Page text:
Perhaps they do, in a karmic way, deserve what they've received. However, it is not the way of Americans to do this. Were these atrocities taking place on American soil, you can bet the outrage over these acts would be one hundred fold.

"We are better than that!" Would be the outcry. "What about their rights?" Would be the question.

Not so when it takes place in a nation we occupy during time of war.

The soldiers whose pictures are displayed on for all to see will face punishment, that's sure. Not to bring about justice, but to keep the limelight off of those who were contracted and paid, outside of military service, to commit these acts. We aren't supposed to know about them.

If you have read special warfare books about the training and goings-on in many special forces units in our military, you would know that the torture being described in these photos and in accounts of the events is pretty standard fare for interrogatory procedure.

Dick Marcinco, author of Red Cell, spelled it out when his SEAL Team unit captured a high-ranking person from a U.S. Military base (as part of an exercise) and commenced torturing him in a motel room in order to "extract information." Marcinco's unit got in a lot of trouble over this…not because of the methods used, but because it was a peacetime "friendly" exercise!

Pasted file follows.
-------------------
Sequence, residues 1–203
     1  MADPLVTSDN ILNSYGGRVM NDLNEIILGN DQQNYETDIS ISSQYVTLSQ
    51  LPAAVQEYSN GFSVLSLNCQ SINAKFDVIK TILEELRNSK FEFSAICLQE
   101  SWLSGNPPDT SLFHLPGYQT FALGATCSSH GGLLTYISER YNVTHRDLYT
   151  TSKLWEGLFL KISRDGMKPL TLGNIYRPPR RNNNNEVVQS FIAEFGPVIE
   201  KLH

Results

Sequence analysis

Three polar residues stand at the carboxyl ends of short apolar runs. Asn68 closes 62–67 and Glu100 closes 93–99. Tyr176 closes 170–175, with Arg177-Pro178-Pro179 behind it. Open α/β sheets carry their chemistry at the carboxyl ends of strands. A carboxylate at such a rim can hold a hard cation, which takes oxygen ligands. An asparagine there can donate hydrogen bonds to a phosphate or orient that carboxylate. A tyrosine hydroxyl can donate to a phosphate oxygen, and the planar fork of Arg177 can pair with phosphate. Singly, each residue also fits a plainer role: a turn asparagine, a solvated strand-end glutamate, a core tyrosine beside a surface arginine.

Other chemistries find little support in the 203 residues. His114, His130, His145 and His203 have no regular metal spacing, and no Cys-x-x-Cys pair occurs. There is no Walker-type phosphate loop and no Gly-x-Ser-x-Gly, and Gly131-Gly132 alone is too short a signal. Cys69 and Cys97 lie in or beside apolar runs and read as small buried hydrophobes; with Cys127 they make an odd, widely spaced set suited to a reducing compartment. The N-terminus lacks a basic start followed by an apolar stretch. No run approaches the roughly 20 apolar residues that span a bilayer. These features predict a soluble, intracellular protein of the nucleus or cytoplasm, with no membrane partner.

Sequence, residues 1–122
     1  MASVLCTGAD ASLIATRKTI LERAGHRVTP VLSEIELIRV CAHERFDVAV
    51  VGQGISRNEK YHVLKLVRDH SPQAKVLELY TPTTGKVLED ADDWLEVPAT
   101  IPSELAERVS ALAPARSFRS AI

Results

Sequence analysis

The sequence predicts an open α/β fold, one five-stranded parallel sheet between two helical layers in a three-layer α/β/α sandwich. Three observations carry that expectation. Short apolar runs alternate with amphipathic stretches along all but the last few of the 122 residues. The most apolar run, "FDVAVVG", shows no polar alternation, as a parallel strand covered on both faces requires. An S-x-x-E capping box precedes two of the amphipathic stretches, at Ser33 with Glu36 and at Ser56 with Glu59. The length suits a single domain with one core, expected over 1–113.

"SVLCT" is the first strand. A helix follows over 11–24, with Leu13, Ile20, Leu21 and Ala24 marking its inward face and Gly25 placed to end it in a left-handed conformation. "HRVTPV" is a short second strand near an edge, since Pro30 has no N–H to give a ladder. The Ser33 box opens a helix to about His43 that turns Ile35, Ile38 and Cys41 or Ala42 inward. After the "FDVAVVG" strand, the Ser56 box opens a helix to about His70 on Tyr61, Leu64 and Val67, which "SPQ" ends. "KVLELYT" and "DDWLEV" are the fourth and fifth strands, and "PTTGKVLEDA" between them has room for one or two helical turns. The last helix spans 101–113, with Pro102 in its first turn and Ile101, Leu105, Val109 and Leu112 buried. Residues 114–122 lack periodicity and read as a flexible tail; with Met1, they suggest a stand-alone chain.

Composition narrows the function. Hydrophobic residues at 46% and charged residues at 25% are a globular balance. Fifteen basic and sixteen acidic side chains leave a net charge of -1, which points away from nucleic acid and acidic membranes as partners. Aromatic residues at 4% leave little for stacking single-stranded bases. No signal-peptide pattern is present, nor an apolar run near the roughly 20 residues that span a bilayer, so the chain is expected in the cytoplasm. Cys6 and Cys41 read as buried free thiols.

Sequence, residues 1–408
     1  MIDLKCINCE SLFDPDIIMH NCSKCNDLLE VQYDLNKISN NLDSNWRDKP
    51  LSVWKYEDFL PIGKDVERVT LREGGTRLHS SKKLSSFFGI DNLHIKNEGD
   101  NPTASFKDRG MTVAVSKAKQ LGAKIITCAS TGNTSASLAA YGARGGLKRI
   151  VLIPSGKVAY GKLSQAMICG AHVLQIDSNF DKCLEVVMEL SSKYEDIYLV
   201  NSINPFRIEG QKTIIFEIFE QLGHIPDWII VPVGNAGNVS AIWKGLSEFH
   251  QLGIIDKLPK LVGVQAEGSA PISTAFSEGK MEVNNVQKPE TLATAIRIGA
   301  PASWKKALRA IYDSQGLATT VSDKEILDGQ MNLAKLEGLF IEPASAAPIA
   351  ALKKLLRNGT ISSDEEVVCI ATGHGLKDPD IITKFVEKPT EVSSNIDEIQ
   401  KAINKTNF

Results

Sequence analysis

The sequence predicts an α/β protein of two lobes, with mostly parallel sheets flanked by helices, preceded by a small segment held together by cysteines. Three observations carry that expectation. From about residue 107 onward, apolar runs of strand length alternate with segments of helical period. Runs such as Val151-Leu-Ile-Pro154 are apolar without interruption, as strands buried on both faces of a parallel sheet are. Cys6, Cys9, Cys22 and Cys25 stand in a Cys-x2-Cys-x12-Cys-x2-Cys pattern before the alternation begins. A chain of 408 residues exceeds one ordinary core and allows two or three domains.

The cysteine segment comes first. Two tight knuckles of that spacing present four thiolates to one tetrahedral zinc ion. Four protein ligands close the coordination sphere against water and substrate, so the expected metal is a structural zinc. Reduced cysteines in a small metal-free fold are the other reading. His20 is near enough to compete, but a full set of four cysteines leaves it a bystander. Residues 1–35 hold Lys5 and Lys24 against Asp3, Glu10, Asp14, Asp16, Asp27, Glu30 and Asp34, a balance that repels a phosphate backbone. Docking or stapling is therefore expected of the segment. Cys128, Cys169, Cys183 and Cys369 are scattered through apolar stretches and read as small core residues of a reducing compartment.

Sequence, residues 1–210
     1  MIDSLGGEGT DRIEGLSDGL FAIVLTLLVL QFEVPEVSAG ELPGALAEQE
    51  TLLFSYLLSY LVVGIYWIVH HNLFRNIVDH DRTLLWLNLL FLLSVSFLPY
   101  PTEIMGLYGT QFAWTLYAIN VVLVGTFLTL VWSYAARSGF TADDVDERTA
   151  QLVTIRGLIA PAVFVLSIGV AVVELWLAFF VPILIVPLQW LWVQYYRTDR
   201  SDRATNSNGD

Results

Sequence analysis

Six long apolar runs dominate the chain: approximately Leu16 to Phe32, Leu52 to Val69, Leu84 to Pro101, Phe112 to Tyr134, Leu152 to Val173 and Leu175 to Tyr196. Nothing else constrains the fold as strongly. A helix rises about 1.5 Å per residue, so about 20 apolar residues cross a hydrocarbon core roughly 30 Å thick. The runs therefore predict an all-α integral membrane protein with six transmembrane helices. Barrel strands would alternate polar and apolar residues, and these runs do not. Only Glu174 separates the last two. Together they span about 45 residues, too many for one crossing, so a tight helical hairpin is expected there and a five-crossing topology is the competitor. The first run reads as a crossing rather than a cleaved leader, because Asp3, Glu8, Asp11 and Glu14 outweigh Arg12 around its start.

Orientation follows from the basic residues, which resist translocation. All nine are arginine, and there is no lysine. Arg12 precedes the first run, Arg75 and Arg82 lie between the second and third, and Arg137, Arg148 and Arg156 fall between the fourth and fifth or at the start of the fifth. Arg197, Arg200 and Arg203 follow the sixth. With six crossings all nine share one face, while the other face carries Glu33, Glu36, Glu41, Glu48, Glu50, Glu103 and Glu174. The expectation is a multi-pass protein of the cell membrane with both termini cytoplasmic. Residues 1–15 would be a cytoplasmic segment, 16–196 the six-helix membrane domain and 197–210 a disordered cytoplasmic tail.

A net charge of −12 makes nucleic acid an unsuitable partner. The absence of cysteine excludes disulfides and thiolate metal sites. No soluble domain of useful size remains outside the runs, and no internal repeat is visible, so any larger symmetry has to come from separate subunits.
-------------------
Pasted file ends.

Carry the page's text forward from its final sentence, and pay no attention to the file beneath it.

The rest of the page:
The tactics used in that interrogation? Strip the man, blindfolded, and make various sexual remarks regarding his inadequacies and what you may or may not do to him… Make him believe he could be raped, murdered, or seriously maimed at any time... Get him to talk.

Sound familiar?

Go to CNN and look at some of those're seeing the same procedure in action.

Worse yet, a Gannett News Service report goes deeper into the photographs and says that there are incidents where at least one female prisoner was raped on video, several male prisoners were forced (unmasked) to masturbate for the camera and more. Worse yet, US military personnel are seen idly standing by, laughing, or going about their business as if nothing is wrong during these events!

I have three points I want you to consider before you decide that I'm just another nay-sayer on the war and the government's handling of things: